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Gareth J. Marshall, Andrew Orr, Nicole P. M. van Lipzig, and John C. King

Abstract

Since the mid-1960s, rapid regional summer warming has occurred on the east coast of the northern Antarctic Peninsula, with near-surface temperatures increasing by more than 2°C. This warming has contributed significantly to the collapse of the northern sections of the Larsen Ice Shelf. Coincident with this warming, the summer Southern Hemisphere Annular Mode (SAM) has exhibited a marked trend, suggested by modeling studies to be predominantly a response to anthropogenic forcing, resulting in increased westerlies across the northern peninsula.

Observations and reanalysis data are utilized to demonstrate that the changing SAM has played a key role in driving this local summer warming. It is proposed that the stronger summer westerly winds reduce the blocking effect of the Antarctic Peninsula and lead to a higher frequency of air masses being advected eastward over the orographic barrier of the northern Antarctic Peninsula. When this occurs, a combination of a climatological temperature gradient across the barrier and the formation of a föhn wind on the lee side typically results in a summer near-surface temperature sensitivity to the SAM that is 3 times greater on the eastern side of the peninsula than on the west. SAM variability is also shown to play a less important role in determining summer temperatures at stations west of the barrier in the northern peninsula (∼62°S), both at the surface and throughout the troposphere. This is in contrast to a station farther south (∼65°S) where the SAM exerts little influence.

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Andrew D. King, Mitchell T. Black, David J. Karoly, and Markus G. Donat
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David J. Karoly, Mitchell T. Black, Andrew D. King, and Michael R. Grose
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Nicole P. M. van Lipzig, Gareth J. Marshall, Andrew Orr, and John C. King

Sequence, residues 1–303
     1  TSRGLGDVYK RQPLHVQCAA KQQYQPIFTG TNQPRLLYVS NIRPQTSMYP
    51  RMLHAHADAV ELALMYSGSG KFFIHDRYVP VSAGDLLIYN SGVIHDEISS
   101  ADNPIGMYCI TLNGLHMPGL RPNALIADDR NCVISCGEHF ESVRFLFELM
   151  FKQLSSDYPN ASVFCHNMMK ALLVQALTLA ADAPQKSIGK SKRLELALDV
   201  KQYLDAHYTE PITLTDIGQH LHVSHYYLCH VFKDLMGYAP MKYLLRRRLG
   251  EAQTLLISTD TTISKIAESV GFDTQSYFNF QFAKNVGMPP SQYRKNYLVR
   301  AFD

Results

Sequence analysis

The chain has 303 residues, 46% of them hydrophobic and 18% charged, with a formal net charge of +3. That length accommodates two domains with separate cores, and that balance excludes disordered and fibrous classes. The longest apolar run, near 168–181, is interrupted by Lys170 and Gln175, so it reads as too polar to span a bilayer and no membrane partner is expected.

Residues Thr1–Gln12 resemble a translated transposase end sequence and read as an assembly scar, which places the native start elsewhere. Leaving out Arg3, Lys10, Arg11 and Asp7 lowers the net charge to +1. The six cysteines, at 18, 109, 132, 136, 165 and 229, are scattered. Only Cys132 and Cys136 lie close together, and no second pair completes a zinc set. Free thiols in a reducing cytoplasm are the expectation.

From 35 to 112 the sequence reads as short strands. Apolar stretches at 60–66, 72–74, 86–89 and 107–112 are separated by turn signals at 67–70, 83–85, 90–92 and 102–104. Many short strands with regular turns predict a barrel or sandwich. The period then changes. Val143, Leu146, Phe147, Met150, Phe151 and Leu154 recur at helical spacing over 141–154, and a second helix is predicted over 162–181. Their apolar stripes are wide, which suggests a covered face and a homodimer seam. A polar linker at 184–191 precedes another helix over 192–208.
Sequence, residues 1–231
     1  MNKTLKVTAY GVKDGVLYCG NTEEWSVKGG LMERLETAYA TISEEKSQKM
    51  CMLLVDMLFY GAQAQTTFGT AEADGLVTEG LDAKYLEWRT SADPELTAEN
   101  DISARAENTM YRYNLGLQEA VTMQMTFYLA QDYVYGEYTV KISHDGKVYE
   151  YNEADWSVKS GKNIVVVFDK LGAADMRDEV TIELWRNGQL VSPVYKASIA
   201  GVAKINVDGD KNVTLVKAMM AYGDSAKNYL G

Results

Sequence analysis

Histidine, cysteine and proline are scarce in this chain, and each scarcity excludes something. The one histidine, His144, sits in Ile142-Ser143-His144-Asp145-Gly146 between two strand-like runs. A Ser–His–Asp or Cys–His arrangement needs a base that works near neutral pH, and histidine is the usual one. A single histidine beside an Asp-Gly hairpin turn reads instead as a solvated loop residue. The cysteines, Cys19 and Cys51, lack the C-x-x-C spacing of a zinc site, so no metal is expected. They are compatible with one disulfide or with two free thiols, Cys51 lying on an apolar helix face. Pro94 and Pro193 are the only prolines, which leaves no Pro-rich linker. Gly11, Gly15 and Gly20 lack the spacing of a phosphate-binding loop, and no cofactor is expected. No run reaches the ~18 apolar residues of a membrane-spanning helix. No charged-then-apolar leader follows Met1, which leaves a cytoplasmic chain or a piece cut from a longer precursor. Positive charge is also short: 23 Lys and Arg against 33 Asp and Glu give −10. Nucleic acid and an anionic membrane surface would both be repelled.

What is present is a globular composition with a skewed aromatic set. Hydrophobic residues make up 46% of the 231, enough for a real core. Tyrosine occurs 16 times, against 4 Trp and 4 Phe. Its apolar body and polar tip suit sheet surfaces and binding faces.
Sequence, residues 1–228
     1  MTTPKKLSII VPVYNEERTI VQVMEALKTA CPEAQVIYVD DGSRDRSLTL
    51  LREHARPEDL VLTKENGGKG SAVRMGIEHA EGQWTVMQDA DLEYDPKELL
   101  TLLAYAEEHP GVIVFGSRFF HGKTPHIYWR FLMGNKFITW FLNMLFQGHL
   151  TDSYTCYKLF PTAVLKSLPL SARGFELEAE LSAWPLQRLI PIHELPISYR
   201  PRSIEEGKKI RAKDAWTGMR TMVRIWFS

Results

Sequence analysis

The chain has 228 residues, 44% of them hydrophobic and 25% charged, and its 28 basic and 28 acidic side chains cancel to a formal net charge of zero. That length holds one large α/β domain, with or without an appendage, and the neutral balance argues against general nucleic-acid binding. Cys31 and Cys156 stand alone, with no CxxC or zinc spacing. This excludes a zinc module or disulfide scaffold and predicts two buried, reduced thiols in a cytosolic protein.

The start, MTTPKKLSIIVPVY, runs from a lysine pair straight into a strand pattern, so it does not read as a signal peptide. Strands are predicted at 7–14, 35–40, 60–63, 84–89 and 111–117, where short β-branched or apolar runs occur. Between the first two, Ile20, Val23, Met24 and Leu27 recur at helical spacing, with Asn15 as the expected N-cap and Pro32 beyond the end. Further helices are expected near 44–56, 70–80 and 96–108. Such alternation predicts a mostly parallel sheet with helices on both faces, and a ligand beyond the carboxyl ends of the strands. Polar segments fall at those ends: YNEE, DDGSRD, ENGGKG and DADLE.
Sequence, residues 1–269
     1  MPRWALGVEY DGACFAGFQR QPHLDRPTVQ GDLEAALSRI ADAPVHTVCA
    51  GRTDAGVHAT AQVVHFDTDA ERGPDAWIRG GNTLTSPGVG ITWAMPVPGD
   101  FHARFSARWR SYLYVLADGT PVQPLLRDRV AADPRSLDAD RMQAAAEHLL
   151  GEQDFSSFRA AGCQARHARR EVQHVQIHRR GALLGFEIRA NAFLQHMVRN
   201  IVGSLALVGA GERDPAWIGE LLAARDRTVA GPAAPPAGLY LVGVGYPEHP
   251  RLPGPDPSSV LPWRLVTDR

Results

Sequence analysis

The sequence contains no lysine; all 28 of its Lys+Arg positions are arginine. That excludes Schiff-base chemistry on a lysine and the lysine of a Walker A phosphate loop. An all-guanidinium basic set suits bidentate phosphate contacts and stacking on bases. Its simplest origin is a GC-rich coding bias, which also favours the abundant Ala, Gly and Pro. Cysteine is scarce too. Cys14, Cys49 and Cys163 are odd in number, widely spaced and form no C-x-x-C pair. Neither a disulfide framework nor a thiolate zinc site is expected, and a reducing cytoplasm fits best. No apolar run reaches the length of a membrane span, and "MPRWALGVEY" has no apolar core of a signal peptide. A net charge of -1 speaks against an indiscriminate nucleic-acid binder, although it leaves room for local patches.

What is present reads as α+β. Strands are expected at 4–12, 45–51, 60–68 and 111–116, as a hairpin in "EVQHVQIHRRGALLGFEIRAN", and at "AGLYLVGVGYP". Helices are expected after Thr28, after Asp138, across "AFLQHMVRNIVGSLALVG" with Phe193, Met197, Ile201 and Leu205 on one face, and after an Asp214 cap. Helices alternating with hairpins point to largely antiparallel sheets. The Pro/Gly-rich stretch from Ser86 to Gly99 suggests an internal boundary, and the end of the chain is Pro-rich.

Abstract

The large regional summer warming on the east coast of the northern Antarctic Peninsula (AP), which has taken place since the mid-1960s, has previously been proposed to be caused by a trend in the Southern Hemisphere Annular Mode (SAM). The authors utilize a high-resolution regional atmospheric model climatology (14-km grid spacing) to study the mechanisms that determine the response of the near-surface temperature to an increase in the SAM (ΔT/ΔSAM). Month-to-month variations in near-surface temperature and surface pressure are well represented by the model. It is found that north of ∼68°S, ΔT/ΔSAM is much larger on the eastern (lee) side than on the western (windward) side of the barrier. This is because of the enhanced westerly flow of relatively warm air over the barrier, which warms (and dries) further as it descends down the lee slope. The downward motion on the eastern side of the barrier causes a decrease in surface-mass balance and cloud cover. South of ∼68°S, vertical deflection across the barrier is greatly reduced and the contrast in ΔT/ΔSAM between the east and west sides of the barrier vanishes. In the northeastern part of the AP, the modeled ΔT/ΔSAM distribution is similar to the distribution derived from satellite infrared radiometer data. The region of strongest modeled temperature sensitivity to the SAM is where ice shelf collapse has recently taken place and does not extend farther south over the Larsen-C Ice Shelf.